Washington College of Law
Home Archive Volume 64 Volume 64, Issue 1
Volume 64, Issue 1
Public-Private Contracting and the Reciprocity Norm

 By Wendy Netter Epstein | 64 Am. U. L. Rev. 1 (2014)

When governments outsource work to private entities—running prisons and schools, administering state benefits, and the like—they tend to write extremely detailed contracts.  The conventional thinking is that these private entities need to be constrained lest they act opportunistically.  Therefore, governments write contracts that highly specify tasks, contain robust monitoring provisions, and financially reward task compliance.  This detailed contracting approach, viewing agents as selfish, profit-driven, and looking for opportunities to shirk, finds support in both the agency cost and public law literatures.

To Read or Not To Read: Privacy within Social Networks, the Entitlement of Employees to a Virtual “Private Zone,” and the Balloon Theory

Dr. Shlomit Yanisky-Ravid | 64 Am. U. L. Rev. 53 (2014)

Social networking has increasingly become the most common venue of self-expression in the digital era.  Although social networks started as a social vehicle, they have recently become a major source for employers to track personal data (“screening”) of applicants, employees, or former employees.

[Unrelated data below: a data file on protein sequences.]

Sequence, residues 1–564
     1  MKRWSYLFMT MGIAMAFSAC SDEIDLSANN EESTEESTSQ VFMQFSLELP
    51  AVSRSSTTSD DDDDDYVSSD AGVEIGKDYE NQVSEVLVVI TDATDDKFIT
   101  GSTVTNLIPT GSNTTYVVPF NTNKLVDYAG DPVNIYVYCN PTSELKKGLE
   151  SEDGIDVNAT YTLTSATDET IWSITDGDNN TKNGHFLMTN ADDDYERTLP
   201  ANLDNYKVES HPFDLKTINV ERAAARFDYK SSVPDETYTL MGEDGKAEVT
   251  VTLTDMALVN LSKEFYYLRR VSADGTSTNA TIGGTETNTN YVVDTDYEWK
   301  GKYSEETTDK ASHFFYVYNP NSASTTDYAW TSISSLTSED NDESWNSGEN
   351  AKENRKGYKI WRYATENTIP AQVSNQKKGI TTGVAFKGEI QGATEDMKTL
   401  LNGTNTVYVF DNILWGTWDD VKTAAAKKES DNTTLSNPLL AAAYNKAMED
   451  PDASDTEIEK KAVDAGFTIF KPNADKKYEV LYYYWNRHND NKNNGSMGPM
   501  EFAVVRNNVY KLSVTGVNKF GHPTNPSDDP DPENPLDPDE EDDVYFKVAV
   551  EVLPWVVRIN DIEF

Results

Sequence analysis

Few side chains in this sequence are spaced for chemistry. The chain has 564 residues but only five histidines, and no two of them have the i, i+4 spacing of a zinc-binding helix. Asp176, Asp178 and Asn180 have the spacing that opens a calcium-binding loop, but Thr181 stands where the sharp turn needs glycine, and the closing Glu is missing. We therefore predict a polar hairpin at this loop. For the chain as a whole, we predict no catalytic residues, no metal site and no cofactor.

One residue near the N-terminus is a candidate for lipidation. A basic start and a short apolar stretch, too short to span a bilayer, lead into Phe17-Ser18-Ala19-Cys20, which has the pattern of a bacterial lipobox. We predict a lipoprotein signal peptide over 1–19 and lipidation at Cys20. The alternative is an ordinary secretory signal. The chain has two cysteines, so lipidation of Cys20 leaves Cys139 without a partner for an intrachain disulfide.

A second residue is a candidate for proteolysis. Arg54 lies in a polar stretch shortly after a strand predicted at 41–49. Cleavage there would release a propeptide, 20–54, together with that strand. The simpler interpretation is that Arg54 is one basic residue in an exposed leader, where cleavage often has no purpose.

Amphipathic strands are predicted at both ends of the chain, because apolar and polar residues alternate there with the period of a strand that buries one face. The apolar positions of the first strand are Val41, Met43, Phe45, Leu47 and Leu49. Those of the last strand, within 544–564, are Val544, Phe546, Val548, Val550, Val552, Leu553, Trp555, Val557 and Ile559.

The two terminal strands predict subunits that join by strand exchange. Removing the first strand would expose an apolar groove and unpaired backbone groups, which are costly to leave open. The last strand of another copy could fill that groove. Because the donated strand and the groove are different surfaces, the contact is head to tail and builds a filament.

COMMENT: Putting a Hold on ICE: Why Law Enforcement Should Refuse to Honor Immigration Detainers

By Alia Al-Khatib | 64 Am. U. L. Rev. 109 (2014)

Beginning in the 1980s, immigration law began to place greater emphasis on noncitizens’ past criminal convictions as grounds for deportation.  This shift led to the deportation of many noncitizens with strong ties to the United States.  In its effort to deport noncitizens with criminal convictions, the Department of Homeland Security (DHS) has developed various programs through which local law enforcement can partner with Immigration and Customs Enforcement (ICE).

NOTE: Beyond Puffery: Providing Shareholder Assurance of Societal Good Will in Crowdfunded Benefit Corporations

By Kevin Ercoline | 64 Am. U. L. Rev.  169 (2014)

Going “green” has become a very big business.  Companies are filling the store shelves with environmentally conscious, eco-friendly alternatives.  The organic food market has shown the strongest “green” growth with revenue increasing 238% from 2002 to 2011 as compared with an overall food market revenue growth of only 33% during the same period.  Whole Foods, a leader in organic products, saw its stock price rise from $4.27 in late 2008 to $51.55 as of the first quarter of 2014.  This surging growth, coupled with consumers’ admitted willingness to pay a premium for “green” products, naturally explains why big corporate players are trying to establish market share in the “green” market.